Decades-long jaw tagging experiments have shown that some walleye leave Saginaw Bay for the main basin of Lake Huron, but before the GLATOS network was available, little was known about the actual proportion, timing and range of their movement. Acoustic telemetry led to the discovery that nearly 40% of Saginaw Bay’s walleye migrate into the main basin by June 1 each year, with no movement out of the bay later in the year. The fish that leave Saginaw Bay travel long distances and repeatedly go to the same destinations each year before returning in the fall to overwinter and spawn again the following spring.

Researchers aren’t sure why some walleye migrate and others remain residents of the bay, but whichever behavior they exhibit is consistent each year. These details about fish movement are very important for stock assessment and for setting fishing regulations, because they help managers understand when and where fish will be susceptible to angler harvest. 

More recently, acoustic telemetry is being used to learn where walleye are spawning in Saginaw Bay and how these spawning fish use the different rivers and reefs in the bay.  This work will help fisheries managers know which spawning locations are the most important to protect and perhaps pursue improvements to fish passage in rivers or restore reef habitat.

Muskie and smallmouth bass in the Lake St. Clair-Detroit River system

DNR fisheries research technician prepares to release an acoustically tagged muskellunge

The muskellunge and smallmouth bass fisheries in Lake St. Clair and its connecting waters are world-famous and renowned for their high catch rates. The Michigan DNR and its partners have been using the GLATOS network to better understand the behavior of these two species that are the target of substantial angler effort in southeast Michigan. 

Acoustic telemetry revealed widespread movements of muskie throughout Lake St. Clair, the Detroit River and Lake Erie, including the movement of one fish from its tagging location in the Detroit River all the way to Buffalo, New York, and back!  Movements like this demonstrate the potential connectivity of Great Lakes muskellunge populations, the movement potential of individual fish, and the importance of collaborative and well-coordinated interagency fisheries management for populations that cross state and provincial borders. 

Meanwhile, investigations of smallmouth bass in Lake St. Clair demonstrate that they tend to remain in relatively confined areas within the lake, like Anchor Bay in the northern part of the lake or the Mile roads on the western shoreline, despite frequent movements within those areas. This behavior suggests that the Lake St. Clair smallmouth bass population could be comprised of different subpopulations of fish, which may have their own demographics. The characteristics of these unique subpopulations must be accounted for when managing the lake as a whole.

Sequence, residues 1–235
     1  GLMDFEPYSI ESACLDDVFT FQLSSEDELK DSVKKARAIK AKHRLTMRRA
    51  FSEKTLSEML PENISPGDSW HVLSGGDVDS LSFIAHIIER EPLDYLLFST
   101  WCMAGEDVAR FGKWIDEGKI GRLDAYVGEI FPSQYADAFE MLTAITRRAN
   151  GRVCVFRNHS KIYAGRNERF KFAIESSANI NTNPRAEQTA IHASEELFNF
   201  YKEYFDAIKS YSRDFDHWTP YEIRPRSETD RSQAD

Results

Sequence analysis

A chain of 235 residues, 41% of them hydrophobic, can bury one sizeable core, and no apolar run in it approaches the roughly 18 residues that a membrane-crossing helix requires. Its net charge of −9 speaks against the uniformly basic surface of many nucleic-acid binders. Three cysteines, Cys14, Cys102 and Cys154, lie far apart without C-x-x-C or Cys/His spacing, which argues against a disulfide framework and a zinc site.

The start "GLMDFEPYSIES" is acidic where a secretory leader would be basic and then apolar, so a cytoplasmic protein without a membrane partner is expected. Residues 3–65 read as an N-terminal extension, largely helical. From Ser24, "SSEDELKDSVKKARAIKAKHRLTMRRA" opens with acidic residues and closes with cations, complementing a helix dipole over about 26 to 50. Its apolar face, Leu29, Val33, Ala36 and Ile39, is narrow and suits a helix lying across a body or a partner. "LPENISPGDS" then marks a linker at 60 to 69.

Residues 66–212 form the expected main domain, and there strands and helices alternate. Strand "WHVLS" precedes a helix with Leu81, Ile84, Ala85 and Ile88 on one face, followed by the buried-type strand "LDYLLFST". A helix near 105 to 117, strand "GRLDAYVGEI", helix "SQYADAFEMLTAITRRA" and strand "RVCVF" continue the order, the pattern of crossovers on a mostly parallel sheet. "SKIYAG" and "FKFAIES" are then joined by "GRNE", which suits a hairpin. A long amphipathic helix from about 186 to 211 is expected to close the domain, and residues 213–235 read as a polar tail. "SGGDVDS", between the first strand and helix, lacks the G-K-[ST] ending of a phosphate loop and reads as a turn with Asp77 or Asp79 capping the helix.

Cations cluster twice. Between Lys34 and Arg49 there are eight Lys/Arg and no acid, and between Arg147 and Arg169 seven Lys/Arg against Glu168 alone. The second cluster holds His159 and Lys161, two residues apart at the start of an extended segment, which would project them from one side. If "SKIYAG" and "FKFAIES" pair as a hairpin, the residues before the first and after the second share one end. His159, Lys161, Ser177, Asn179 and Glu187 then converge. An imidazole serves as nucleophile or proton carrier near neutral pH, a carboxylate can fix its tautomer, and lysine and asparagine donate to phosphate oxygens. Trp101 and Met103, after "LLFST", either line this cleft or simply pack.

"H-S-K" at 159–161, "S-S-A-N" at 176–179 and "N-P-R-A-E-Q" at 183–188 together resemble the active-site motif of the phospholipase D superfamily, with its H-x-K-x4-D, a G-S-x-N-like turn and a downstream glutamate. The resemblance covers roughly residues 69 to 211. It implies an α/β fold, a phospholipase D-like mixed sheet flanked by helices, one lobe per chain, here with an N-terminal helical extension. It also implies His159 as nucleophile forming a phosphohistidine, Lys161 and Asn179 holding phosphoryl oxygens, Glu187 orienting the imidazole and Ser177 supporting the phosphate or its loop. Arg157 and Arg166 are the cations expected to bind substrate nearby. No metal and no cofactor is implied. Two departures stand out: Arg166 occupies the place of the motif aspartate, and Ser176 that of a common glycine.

Can anglers assist with acoustic telemetry research?

Yes! Anglers can and do provide a great deal of help with ongoing acoustic telemetry studies in the Great Lakes. Many of the fish that are currently pinging have external tags on their bodies that indicate an acoustic transmitter is implanted inside. When anglers catch one of these fish, they should call the phone number on the external tag or visit the Michigan DNR Eyes in the Field online reporting system to tell us, making sure to record the details on the external tag, including the tag number, prior to reporting. If the fish is harvested, the DNR can make arrangements to collect the acoustic transmitter, which can sometimes be reused in another fish. When a fish with an acoustic tag is captured by an angler and released, reporting the capture location helps biologists to confirm the fish is alive and verify its location.

If you’re interested in learning more about fish and the places they go, be sure to visit the GLATOS website for a variety of news articles and scientific publications highlighting the results of this important work throughout the Great Lakes Basin.

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Note to editors: Contact: John Pepin, Showcasing the DNR series editor, 906-226-1352. Accompanying photos and a text-only version of this story are available below for download. Caption information follows. Credit Michigan Department of Natural Resources, unless otherwise noted.

Text-only version of this story.

Bass: A smallmouth bass with a freshly implanted acoustic transmitter and external anchor tag, extending from the fish’s stomach.

Implanting: Michigan Department of Natural Resources fisheries research biologist Jan-Michael Hessenauer surgically implants an acoustic transmitter into a smallmouth bass.

Muskellunge: Michigan Department of Natural Resources fisheries research technician Brad Utrup prepares to release an acoustically tagged muskellunge on Lake St. Clair.

Receiver: An acoustic receiver anchored underwater. More than 3,000 receivers in the Great Lakes Basin are currently in the process of detecting signals from fish implanted with individually coded acoustic transmitters. (Photo credit: T. Binder, Great Lakes Fishery Commission via GLATOS)

Transmitter: An acoustic transmitter being implanted into a walleye. After the transmitter is implanted, the body cavity is surgically sutured prior to releasing the fish into the water. 

The Michigan Department of Natural Resources is committed to the conservation, protection, management, use and enjoyment of the state's natural and cultural resources for current and future generations. For more information, go to